2. When you include the one Washington Nationals make-up game, the Mets three out of four. Digging deeper, they’ve lost 10 out of their last 16.
4. Only Jacob deGrom could have a seven inning game where he allows three runs while walking none and striking out 14 a bad start.
5. It’s very troubling Sandy Alderson hired Mickey Callaway (or at least was the GM when Jeff Wilpon did it), hired Jared Porter, and came extremely close to signing Trevor Bauer. Oh, and he was the guy who brought back Jose Reyes.
6. There’s absolutely no place for Bauer in baseball.
8. Mets are a clutch James McCann three run homer from the walls caving in on them.
9. He was injured, but David Peterson hasn’t been good or consistent all year. The sad part is even with that they still need him.
10. Maybe it’s a blip, or maybe the league has figured out Sean Reid-Foley, but his last few appearances haven’t been good.
11. The Thomas Szapucki outing was disheartening as he didn’t really show any indication he’d be ready to help the Mets this year.
13. Albert Almora has now surrendered more homers and RBI than he’s hit. Good on him for volunteering to pitch, but there’s no reason for him to stay up over Billy McKinney when Brandon Nimmo is healthy.
14. Mets need a lot more of what Dominic Smith provided this past week, especially since his LF defense isn’t good.
15. Pete Alonso has been hitting a lot better of late, but sooner or later, he needs to start hitting a home. The same could be said for this entire Mets team.
16. With the great second base defense Jose Peraza has provided and his big hits the Mets should be really be considering his role going forward with the team. You could argue he should be playing everyday.
17. The Mets will never do it, but J.D. Davis still has minor league options and can’t refuse an assignment to Syracuse. Given how he can’t play a position, and his activation may force a Peraza DFA, he should be sent to Syracuse where he can actually learn how to play defense.
18. Speaking of Syracuse, it’s an embarrassment to the Mets and MLB that the Mets organization is not providing housing and other needs to minor leaguers they’re barely paying.
19. The quote was met with derision but hitting coach Hugh Quattlebaum is right. He needs to focus on processes. When processes are correct and clicking, the runs will then follow.
20. The Mets and Yankees both head into the Subway Series in complete disarray and with the threat of all three games being rained out.
Former New York Mets Manager Mickey Callaway was suspended through the end of the 2022 season. At that time, the now deposed Los Angeles Angels pitching coach can apply for reinstatement to Major League Baseball.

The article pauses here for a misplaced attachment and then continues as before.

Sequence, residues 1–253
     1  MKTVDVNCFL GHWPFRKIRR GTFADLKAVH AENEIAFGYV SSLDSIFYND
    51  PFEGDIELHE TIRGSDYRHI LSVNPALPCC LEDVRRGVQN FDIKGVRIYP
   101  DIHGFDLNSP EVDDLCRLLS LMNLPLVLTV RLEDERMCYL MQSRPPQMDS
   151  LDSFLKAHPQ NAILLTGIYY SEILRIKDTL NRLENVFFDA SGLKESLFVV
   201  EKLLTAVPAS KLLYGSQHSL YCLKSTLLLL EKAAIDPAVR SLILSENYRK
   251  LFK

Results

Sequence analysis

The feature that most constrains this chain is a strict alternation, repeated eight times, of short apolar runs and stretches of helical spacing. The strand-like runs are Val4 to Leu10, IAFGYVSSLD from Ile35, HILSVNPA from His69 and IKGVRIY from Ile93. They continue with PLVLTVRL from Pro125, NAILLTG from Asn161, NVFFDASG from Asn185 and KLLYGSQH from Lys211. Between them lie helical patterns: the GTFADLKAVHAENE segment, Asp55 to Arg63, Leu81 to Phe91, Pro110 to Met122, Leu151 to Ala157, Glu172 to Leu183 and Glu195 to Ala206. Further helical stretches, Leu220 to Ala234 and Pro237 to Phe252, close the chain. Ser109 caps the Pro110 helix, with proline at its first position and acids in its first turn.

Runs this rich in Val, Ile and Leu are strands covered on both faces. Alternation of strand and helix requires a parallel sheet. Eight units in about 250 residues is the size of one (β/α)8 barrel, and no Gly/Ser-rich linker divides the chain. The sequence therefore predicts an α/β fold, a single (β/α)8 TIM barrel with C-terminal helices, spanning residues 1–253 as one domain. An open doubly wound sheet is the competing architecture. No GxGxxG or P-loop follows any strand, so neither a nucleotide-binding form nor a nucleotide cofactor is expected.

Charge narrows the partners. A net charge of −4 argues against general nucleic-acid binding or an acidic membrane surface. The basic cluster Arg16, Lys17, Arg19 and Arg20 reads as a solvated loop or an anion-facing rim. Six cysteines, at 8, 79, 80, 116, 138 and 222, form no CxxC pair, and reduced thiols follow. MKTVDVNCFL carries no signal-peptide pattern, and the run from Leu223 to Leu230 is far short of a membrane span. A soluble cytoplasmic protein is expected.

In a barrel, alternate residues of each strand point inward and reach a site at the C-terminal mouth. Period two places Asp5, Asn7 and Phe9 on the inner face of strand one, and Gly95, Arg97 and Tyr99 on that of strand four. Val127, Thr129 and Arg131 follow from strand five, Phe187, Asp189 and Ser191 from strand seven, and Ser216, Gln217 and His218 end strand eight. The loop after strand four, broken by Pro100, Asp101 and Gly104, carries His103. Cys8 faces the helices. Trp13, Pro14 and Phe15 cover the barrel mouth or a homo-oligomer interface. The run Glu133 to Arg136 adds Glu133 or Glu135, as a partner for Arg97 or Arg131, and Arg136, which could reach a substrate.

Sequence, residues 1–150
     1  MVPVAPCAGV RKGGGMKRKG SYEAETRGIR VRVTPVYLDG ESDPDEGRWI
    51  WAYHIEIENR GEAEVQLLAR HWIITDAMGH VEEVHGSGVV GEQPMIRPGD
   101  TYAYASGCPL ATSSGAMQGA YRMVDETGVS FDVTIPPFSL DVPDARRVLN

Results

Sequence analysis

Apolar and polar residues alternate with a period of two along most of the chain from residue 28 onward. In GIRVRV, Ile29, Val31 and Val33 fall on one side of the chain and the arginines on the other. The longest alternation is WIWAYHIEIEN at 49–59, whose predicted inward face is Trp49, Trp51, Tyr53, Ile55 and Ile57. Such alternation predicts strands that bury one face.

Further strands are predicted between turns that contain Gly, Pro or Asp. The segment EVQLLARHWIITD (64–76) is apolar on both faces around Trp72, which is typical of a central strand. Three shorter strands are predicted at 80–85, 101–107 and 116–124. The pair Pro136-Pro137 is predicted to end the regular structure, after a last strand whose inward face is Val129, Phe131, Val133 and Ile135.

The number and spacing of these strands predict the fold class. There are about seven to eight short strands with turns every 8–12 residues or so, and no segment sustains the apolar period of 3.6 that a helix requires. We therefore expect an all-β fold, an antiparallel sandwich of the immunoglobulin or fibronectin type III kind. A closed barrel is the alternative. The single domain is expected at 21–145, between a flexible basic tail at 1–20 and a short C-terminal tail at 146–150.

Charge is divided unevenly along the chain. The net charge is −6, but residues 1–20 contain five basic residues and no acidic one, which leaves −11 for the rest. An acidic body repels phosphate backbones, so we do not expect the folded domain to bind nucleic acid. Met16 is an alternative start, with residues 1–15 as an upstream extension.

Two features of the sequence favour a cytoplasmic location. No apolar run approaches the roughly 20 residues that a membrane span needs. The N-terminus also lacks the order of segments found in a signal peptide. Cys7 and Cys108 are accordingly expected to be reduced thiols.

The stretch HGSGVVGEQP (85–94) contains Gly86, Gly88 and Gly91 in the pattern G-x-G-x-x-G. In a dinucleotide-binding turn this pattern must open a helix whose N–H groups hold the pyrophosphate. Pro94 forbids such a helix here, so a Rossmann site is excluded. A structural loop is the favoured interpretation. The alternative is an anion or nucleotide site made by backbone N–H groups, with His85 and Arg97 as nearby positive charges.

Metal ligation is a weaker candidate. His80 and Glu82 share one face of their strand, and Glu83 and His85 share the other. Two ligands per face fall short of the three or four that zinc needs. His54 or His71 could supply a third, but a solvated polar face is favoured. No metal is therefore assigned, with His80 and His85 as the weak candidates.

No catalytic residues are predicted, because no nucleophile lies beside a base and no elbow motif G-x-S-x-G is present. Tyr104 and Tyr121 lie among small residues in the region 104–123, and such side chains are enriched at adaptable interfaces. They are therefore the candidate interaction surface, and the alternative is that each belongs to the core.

In some respects, this is good because it’s a harsher penalty than any steroid user faces for a single offense. It’s also more severe than what the Houston Astros faced.
Going further, it’s a harsher penalty than what Jose Reyes or any domestic abuser has faced. So, yes, to that end, it’s progress.
However, the penalty in and of itself is just a slap on the wrist and falls far short of being reflective of Callaway’s actions. To that, it’s time to revisit the allegations in the article written by Brittany Ghiroli and Katie Strang of The Athletic.
Callaway was accused of sending UNWANTED and UNSOLICITED pornographic pictures of himself to female reporters and requesting they reciprocate. He’d leverage his position inviting these same and other reports out for drinks to provide news or leaks.
This on top of his thrusting himself towards female reporters, and you see this was a monster. This wasn’t just harassing behavior, it was borderline criminal. Keep in mind, that’s just what we know.
Callaway’s response to this was to deny wrongdoing. He did that despite behaving this way for over five years. He did that despite their being text messages between him and his victims.
Either he knew he was screwed and opted to push Major League Baseball to act, or he really had no clue his behavior was disgusting and wrong.
It needs to be reiterated Callaway’s lewd and malicious actions took place for a period over five years. It involved multiple women, and he showed no signs of remorse. He then dragged MLB further through the mud. Of course, he did that to a situation partially of MLB’s making.
The response? A two year suspension?After FIVE PLUS YEARS of harassment, he’s suspended for TWO!
In that suspension, there’s no mandatory counseling and/or a framework for it. There’s no coinciding MLB partnership with organizations to aide in eliminating this behavior.